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TrendForce Reports Falling Prices Caused Global DRAM Revenue to Drop 16.6% in First Quarter

17 May 2016 Semiconductors Avril Wu

DRAMeXchange, a division of TrendForce, reports that the global DRAM industry posted US$8.56 billion in revenue in this first quarter, down 16.6% from the previous quarter. Market oversupply and sliding average selling price were the main culprits behind the revenue decline. 

DRAMeXchange Research Director Avril Wu noted: “While there was some demand from smartphone inventory restocking in China, the first quarter was traditionally the slow period, and downward revisions on notebooks and iPhone shipment estimates further exacerbated the oversupply problem in the DRAM market.”

Samsung stayed on top of the revenue ranking while Micron struggled to remain profitable

In the first-quarter revenue ranking, Samsung securely held its position as the industry’s leader. Although Samsung’s revenue fell 16.6% quarterly to US$3.97 billion, its market share remained constant at 46.4%. Sliding prices significantly impacted SK Hynix’s revenue, resulting in a 19.2% quarterly decline to US$2.32 billion. SK Hynix retained second place in the revenue ranking with a market share of 27.1%. Micron also continued to fill the No. 3 spot with a market share of 18.5%.

Looking at suppliers’ first-quarter operating margins, Samsung and SK Hynix were respectively at 40% and 14%. Both South Korean memory makers suffered only a slight drop compared with the previous quarter. Micron on the other hand posted a negative operating margin of 1.2%, which was a sharp deterioration compared with 8.5% in the fourth quarter of 2015. The U.S.-based supplier is now in a tough fight to maintain its profitability.

Major DRAM suppliers continue to advance technologically as to protect their margins against falling prices

In terms of technology, Samsung continues to raise the percentage of 20nm production in its total output. The yield rate of Samsung’s 20nm process is also higher than its competitors’ advanced processes. Thus, Samsung currently has the lowest production cost among the top three suppliers. The South Korean memory maker plans to begin migrating to the 18nm technology in the middle of this year. By further improving the cost structures of mobile and PC DRAM products, Samsung will be able to remain profitable even as the prices keep falling.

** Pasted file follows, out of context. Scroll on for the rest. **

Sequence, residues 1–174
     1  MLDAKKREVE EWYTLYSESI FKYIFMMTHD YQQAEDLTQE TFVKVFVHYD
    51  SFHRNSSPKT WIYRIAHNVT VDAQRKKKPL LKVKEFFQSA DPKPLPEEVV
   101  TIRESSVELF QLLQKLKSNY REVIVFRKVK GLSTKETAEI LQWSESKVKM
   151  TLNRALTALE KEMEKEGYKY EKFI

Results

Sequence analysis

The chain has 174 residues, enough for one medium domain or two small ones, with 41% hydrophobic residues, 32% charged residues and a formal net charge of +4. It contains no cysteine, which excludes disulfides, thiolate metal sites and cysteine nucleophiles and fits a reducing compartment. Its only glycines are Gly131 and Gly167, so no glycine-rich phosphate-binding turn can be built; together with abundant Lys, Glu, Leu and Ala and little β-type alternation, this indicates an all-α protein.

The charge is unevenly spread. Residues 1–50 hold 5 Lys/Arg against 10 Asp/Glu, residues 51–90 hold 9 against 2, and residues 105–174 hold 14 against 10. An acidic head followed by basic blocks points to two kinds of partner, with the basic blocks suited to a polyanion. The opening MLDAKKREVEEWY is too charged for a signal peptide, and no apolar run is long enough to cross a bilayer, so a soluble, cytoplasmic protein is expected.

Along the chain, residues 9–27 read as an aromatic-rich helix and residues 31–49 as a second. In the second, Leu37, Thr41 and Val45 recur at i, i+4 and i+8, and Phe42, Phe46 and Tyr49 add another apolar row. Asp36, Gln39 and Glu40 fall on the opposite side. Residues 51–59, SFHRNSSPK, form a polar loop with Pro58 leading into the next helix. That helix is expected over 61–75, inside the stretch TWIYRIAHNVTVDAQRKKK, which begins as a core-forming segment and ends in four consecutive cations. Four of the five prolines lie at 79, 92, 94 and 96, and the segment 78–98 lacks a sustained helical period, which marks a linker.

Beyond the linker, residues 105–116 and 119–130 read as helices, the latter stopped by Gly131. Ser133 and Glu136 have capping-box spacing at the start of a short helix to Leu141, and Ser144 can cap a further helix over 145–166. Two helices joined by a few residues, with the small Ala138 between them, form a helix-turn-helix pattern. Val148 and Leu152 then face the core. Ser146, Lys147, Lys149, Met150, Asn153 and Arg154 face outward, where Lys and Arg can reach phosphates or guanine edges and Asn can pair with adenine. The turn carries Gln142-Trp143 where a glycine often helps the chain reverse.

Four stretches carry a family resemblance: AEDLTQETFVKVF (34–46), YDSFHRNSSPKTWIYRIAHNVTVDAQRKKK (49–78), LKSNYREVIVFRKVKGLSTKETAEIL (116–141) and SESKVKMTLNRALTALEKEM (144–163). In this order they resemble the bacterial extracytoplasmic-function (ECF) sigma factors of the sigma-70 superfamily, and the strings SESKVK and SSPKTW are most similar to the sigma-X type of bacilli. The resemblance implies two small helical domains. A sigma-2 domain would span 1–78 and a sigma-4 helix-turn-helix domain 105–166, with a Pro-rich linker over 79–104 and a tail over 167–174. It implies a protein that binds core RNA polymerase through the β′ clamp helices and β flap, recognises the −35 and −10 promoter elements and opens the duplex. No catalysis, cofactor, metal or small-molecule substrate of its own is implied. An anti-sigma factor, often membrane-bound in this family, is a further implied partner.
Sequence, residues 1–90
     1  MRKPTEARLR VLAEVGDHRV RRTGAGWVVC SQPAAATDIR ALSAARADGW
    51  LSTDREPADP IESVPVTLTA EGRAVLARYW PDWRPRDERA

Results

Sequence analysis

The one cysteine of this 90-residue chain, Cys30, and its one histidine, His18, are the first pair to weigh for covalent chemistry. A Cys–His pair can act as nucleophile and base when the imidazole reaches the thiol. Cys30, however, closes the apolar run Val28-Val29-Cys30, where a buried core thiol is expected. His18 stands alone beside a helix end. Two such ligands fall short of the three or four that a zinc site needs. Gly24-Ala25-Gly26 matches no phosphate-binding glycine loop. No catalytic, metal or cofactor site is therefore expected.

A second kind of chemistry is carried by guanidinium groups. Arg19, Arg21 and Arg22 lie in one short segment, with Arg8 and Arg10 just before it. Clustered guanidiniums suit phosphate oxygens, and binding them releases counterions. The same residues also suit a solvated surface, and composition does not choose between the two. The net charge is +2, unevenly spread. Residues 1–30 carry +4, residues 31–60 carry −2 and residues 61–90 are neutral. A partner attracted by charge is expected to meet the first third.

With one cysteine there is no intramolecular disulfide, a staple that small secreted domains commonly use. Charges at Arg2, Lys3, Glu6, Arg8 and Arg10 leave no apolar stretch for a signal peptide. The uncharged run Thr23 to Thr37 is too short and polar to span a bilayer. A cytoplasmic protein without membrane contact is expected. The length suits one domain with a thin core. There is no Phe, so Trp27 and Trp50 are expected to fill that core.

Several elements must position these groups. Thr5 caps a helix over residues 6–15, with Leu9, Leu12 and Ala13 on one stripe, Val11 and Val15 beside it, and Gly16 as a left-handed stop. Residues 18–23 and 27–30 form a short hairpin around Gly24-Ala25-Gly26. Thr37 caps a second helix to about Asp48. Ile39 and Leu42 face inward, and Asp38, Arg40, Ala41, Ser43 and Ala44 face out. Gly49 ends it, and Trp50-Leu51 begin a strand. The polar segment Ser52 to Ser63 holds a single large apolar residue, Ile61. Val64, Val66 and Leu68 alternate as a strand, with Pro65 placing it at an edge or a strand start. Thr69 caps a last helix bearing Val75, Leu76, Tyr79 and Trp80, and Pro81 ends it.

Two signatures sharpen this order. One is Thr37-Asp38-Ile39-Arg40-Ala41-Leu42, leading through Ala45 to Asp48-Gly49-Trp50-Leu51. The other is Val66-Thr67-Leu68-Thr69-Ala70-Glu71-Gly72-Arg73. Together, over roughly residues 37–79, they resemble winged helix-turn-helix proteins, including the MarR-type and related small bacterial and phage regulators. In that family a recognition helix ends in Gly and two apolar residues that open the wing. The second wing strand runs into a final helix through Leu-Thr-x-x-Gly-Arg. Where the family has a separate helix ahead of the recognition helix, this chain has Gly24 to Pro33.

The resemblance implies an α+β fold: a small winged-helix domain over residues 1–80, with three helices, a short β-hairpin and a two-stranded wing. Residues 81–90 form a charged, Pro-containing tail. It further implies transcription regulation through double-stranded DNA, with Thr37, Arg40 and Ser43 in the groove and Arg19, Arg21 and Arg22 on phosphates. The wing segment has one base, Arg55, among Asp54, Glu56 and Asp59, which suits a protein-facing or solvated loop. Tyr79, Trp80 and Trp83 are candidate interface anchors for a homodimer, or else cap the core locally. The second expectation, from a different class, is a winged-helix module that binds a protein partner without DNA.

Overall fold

SK Hynix began adopting the 21nm technology in the fourth quarter of 2015 and ramped up the production on this process in the first quarter of this year. However, all of SK Hynix’s 21nm products were still in the client testing phase, so their contribution to the first-quarter revenue was marginal.

Micron migrated to the 20nm technology in the fourth quarter last year and has completed the client testing for most PC and server DRAM products made on the advanced process. However, there is still room for improvement on the yield rate, so cost reduction is limited.

Nanya fared relatively well amongst the global DRAM makers, maintaining the same revenue level as in the last quarter with a gross margin of 32.7%. Nanya’s result was mainly attributed to an increase in the total output that came from the expansion of its 30nm-shrink  production.

Powerchip’s entire DRAM capacity reached 88,000 wafers per month in the first quarter, up by 4000 wafers compared with the fourth quarter of 2015. This small capacity increase also slightly boosted Powerchip’s revenue.

Winbond also had a small quarterly growth in revenue on account of the company’s long-term efforts to develop the automotive electronics market. Winbond is expected to finish R&D on its 38nm process in 2017. Manufacturing on the 38nm will push the Taiwanese memory maker forward in its technology migration after taking a long pause in recent years.

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